WEDNESDAY, April 11, 2001 -- Campaign 2002 has begun. The defining issue? Civil unions. Just one day after Jane Swift took office as the acting governor, the Boston-based Gay and Lesbian Advocates and Defenders filed suit against the Massachusetts Department of Public Health for denying marriage licenses to four lesbian and three gay male couples. The suit is similar to the one filed in July 1997 in Vermont — and litigated by GLAD — that won that state’s gay and lesbian couples the right to civil unions, which provide all the legal protections of marriage offered by the state.
Filed in Suffolk Superior Court, the suit charges that “the custom and practice of denying marriage licenses to same-sex couples violates the Massachusetts Constitution,” says Gary Buseck, GLAD’s executive director. But DPH spokeswoman Roseanne Pawelec says, “We’re a little bit confused as to why the Department of Public Health is being targeted. The Bureau of Vital Statistics has no authority to grant marriage licenses to same-sex couples. We can’t register something that the law says is not recognizable.”
Last week, when she was mapping out her gubernatorial strategy, Swift announced that she would oppose gay marriage or any similar legal measures, such as civil unions. (She was not available for comment before deadline.) With the filing of the lawsuit, the issue — which polarized the Green Mountain State and became crucial in last year’s state elections — is sure to dominate next year’s gubernatorial race.
Former state senator Warren Tolman, who has declared his candidacy for governor, says he will support the measure. “I support the concept that two people ought to be able to engage in a civil union so they have certain rights — such as bereavement and health insurance and other issues that I think are important,” he says. Tolman is careful to note that he’s talking about civil unions and not marriage. “The question of marriage has religious connotations, and irrespective of what the state does, there are churches that will allow marriages, period. But I look at this as civil unions.”
Secretary of State Bill Galvin, who’s exploring a run for governor, says he’s open to the possibility of granting more rights to gay and lesbian couples. The state has already addressed the question of whether gay and lesbian couples can adopt, he points out, and the question now is whether gay couples can enter into other types of contracts available to married couples. “I’m open to the idea of some standing or some legal status for people who are in relationships,” he says. But, like Tolman, he is careful to say he doesn’t support marriage rights for gay and lesbian couples: “If you mean marriage in the traditional sense, no, I don’t think so.”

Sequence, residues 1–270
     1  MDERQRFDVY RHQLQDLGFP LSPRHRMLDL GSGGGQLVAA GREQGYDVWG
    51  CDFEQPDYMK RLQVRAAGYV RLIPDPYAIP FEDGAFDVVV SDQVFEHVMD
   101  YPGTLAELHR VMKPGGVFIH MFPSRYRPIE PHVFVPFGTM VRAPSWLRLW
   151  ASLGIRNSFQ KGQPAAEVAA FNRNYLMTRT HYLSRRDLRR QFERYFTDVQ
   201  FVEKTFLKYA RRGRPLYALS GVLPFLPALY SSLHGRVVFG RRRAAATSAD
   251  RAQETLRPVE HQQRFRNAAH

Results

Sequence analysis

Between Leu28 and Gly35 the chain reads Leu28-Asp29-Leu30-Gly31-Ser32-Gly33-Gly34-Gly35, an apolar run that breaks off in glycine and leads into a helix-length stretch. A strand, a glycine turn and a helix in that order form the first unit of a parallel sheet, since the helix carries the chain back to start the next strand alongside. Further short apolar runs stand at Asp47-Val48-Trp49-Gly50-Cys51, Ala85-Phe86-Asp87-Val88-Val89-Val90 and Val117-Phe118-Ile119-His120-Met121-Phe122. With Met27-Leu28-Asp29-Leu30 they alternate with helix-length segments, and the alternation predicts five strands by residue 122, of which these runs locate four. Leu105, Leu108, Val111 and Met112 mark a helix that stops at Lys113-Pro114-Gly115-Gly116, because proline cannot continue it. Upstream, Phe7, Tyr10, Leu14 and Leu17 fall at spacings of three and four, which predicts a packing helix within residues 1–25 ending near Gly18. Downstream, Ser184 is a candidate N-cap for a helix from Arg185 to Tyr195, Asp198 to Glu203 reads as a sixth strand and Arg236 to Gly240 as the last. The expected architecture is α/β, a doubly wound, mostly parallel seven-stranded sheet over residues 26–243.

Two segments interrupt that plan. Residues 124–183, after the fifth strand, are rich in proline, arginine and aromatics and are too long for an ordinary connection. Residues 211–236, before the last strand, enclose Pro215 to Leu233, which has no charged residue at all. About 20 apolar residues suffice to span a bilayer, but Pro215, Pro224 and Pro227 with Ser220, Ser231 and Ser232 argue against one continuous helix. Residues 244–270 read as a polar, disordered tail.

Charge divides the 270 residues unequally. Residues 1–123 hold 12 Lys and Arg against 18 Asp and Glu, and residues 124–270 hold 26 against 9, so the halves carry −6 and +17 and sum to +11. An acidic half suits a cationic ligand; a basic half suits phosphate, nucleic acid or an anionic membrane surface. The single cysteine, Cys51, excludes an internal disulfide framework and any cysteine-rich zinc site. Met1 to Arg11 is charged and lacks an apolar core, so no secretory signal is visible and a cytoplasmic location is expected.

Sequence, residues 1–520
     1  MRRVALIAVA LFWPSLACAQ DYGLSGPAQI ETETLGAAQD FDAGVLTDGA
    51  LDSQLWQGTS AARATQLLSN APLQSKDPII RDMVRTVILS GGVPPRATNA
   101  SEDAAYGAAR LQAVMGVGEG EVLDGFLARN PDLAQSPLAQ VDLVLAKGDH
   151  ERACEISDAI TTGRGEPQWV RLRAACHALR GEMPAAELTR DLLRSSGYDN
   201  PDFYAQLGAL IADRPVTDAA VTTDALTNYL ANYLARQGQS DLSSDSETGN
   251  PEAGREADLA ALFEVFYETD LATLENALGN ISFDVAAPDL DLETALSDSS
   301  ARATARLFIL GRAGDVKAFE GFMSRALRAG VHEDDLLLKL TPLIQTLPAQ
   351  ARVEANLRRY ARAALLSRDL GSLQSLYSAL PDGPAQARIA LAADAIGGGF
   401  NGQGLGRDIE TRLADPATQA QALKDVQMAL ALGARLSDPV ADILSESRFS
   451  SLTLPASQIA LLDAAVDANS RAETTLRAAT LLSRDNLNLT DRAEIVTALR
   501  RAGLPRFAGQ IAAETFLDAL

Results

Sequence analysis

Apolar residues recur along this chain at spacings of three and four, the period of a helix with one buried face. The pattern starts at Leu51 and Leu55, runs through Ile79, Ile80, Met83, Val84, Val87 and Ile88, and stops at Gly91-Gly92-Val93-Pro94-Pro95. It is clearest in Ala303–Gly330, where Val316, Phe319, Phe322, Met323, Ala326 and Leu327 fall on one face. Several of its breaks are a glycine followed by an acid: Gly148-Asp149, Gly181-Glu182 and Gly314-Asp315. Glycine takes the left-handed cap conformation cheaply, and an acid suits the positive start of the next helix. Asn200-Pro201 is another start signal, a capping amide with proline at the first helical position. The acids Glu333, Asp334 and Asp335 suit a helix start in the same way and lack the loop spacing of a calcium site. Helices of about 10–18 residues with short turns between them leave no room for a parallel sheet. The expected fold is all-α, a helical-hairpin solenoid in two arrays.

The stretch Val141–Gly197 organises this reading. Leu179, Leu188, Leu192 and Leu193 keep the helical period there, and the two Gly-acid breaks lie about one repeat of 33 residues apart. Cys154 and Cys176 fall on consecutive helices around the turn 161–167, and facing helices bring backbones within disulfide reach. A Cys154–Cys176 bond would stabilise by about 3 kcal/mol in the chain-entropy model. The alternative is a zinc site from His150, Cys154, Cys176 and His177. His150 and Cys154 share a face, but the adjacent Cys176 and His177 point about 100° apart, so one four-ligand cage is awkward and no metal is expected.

Democratic candidate Steve Grossman says he’s concerned about the timing of the suit. “This development may accelerate a ‘defense of marriage’ bill in the legislature, which would be a serious setback on the road to full civil rights to the gay and lesbian community,” he says, referring to a bill filed by Representative John Rogers of Norwood that, if passed, would outlaw marriages or similar legislation for gay and lesbian couples. But, he adds, “As governor, one of my principal responsibilities would be to preserve and to protect the civil rights of all citizens. There, I would work for and sign domestic-partner legislation, as well as civil-rights legislation similar to what my courageous friend Howard Dean recently signed in Vermont.”
State Treasurer Shannon O’Brien, who created a clean election bank account in anticipation of a run for governor, says she opposes Rogers’ ‘defense of marriage’ legislation as well as gay marriage rights. But she said in faxed statement that she does support domestic partnership legislation as well as “expanding the legal standing of gay families.” She also points out that she was a member of the “slim majority” in the legislature that passed the gay civil rights bill in 1987.
Talk-show host and former congressman Peter Blute, whose name has been floated for a potential independent candidacy in next year’s election, says he’s against the measure. “I would support the rejection of those applications,” he says. “Nobody’s rights have been violated by the state standing by an interpretation of state law [defining marriage] as an institution between a man and a woman.”
Two other prospective candidates — Senate president Tom Birmingham, and Congressman Marty Meehan — could not be reached for comment before deadline.
In the Vermont case, that state’s highest court ruled that refusal to grant marriage licenses to gay couples violated the state constitution’s common-benefits (equal-protection) clause. The court ordered the state legislature to remedy the situation through either marriage or a marriage-like measure. The legislature opted for the latter, which was signed into law by Governor Dean. If the case follows a similar course in Massachusetts, it will bump up against the powerful House Speaker Tom Finneran. Finneran spokesman Charles Rasmussen wouldn’t comment on the specifics of the case, but he says, “In general, his position is he’s not in favor of legalizing that relationship.”
During last year’s presidential election, the issue of civil unions came up during the vice-presidential debate between Dick Cheney and Joseph Lieberman. Both men said they supported individual states’ rights to pass civil-unions legislation or similar laws. “I think different states are likely to come to different conclusions and that’s appropriate,” Cheney said. “I don’t think there should necessarily be a federal policy in this area.” The question now is whether Bay State pols will be as reasonable in the coming months.